Individuals in the United States who planned on padding their retirement accounts with JPEGs may want to reconsider, following an announcement today from the Internal Revenue Service (IRS) that it may preclude NFTs from IRAs.

The IRS and U.S. Treasury Department announced that they plan to issue guidance that could cause NFTs to be treated similarly to physical collectibles like art, coins, antiques, and alcohol, which retirement savers cannot add to their accounts.

Additionally, classifying NFTs as collectibles could impact how they’re taxed when swapped or sold on secondary markets. Depending on a person’s income, short-term capital gains tax—which NFTs are subject to—ranges from 10% to 37%. But capital gains on collectibles is capped at 28%.


“It appears that the IRS is intending to classify NFTs as digital receipts—which is essentially what they are,” Timothy Cradle, Director of Regulatory Affairs at Blockchain Intelligence Group, told Decrypt. “That means in a scenario where one has an NFT JPEG, then the JPEG is the collectible for the purpose of taxation and not the NFT itself.”

As part of its process for issuing new guidance, the IRS and Treasury Department requested comments on the proposed changes, allowing people to respond to questions such as, “What burdens does the analysis impose?” and “What factors might be considered to determine whether a digital file constitutes a ‘work of art?'”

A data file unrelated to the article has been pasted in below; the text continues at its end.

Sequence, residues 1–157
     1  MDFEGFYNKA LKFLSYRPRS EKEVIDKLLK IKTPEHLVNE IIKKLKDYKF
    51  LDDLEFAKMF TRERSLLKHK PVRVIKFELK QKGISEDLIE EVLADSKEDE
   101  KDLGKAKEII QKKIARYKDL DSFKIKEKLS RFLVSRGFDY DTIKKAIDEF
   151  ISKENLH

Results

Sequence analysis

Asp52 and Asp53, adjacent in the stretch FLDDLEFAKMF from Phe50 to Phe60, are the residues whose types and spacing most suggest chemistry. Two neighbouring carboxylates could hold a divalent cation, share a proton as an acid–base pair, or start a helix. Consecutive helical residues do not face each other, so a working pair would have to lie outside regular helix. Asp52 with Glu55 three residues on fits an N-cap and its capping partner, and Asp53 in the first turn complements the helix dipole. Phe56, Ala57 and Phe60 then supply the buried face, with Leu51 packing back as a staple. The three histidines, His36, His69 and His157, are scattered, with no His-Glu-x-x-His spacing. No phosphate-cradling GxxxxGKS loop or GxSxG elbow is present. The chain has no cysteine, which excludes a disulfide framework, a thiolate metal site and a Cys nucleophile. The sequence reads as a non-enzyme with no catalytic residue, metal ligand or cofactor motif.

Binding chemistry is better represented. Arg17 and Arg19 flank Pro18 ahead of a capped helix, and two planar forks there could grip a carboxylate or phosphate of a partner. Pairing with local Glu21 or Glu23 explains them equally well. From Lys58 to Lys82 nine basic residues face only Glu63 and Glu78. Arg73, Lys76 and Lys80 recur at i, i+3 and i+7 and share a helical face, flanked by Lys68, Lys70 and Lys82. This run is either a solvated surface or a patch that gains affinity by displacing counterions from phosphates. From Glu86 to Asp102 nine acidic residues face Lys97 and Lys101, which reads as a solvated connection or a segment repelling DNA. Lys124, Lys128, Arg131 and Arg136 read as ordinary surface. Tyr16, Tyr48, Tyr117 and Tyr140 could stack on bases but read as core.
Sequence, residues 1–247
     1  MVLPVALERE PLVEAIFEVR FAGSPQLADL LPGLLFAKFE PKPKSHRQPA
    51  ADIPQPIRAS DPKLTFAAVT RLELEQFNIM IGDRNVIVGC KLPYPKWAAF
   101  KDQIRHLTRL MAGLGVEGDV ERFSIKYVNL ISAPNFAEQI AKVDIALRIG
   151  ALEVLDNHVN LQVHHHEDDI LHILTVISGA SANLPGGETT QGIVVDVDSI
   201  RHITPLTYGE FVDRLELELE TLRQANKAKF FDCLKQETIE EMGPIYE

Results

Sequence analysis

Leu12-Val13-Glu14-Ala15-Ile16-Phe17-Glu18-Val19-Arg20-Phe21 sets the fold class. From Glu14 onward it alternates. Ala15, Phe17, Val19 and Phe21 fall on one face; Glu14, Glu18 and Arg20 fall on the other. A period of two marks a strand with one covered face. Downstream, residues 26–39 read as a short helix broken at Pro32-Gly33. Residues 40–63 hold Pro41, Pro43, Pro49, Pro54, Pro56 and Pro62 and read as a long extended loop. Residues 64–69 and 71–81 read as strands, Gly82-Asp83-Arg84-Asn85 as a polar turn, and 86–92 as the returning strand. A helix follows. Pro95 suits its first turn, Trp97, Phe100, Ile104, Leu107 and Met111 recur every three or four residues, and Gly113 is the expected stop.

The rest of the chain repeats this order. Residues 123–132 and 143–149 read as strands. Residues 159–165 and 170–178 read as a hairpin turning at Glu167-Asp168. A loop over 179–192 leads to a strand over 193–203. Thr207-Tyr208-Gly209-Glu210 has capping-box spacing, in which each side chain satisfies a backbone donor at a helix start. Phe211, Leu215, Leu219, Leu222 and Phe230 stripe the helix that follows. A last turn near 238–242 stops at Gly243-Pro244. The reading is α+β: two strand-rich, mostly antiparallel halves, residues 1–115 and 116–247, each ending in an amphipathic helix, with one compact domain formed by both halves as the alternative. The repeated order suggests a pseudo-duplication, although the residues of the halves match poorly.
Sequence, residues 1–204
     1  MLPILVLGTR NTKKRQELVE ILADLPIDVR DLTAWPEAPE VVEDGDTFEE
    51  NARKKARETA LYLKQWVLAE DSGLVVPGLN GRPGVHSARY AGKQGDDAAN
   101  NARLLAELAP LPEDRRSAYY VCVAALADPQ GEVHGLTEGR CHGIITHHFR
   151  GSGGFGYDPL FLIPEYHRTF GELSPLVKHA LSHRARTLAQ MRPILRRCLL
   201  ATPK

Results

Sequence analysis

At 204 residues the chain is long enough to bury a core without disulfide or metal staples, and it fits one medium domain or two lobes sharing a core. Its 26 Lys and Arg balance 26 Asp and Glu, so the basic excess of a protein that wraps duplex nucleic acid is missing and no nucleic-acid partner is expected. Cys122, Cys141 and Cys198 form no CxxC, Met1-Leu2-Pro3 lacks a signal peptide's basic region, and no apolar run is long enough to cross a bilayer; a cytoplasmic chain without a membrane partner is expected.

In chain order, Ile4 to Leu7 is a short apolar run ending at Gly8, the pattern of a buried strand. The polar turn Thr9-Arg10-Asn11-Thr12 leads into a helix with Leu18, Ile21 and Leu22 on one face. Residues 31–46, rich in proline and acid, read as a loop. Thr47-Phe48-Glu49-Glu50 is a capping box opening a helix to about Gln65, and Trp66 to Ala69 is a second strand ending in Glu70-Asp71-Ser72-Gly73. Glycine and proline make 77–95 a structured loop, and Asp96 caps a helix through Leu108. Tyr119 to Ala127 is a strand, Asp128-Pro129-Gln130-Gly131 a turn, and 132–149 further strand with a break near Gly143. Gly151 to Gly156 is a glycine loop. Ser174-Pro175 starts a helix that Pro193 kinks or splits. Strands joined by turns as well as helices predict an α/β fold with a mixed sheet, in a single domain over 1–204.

The agencies said that they will accept comments that will be made public until June 19. On Crypto Twitter, some traders commended the IRS and Treasury Department for taking what they see as a nuanced approach instead of regulating through enforcement.

NFTs are unique digital tokens minted on networks like Ethereum or Solana used to represent the ownership of an item, typically digital art. But NFTs are also sometimes used to grant access to an event like a concert, or verify the ownership of a physical object—even a house.


Until the IRS formulates its new guidance on NFTs, the agency said it would use a so-called "look-through analysis" to determine whether an NFT should be classified as a collectible, meaning it will look at the underlying item the NFT represents ownership of.

For example, the IRS said that an NFT that represents the ownership of a gem would be classified as a collectible like gems currently are. Alluding to the metaverse, the agency said that an NFT granting its owner the right to “use or develop a ‘plot of land’ in a virtual environment” would not generally be considered a collectible.

Cradle suggested the guidance could have impacts beyond taxpayers, potentially bolstering the “argument that NFT marketplaces are not money transmitters in the way other crypto exchanges are.”

He said that the guidance could impact how NFT marketplaces are subject to anti-money laundering (AML) and know-your-customer (KYC) rules designed in the U.S. to prevent criminals from using services offered by banks or cryptocurrency exchanges to launder funds. He added that this could change if the Financial Crimes Enforcement Network (FinCEN) issues related guidance.

“This will both limit the likelihood that NFT marketplaces have to comply with certain anti-money laundering laws and/or hold money transmission licenses,” Cradle said. “Conversely, it will raise the risk of NFTs being used for money laundering, as it is very easy to convert cryptocurrency to tradable NFTs.”

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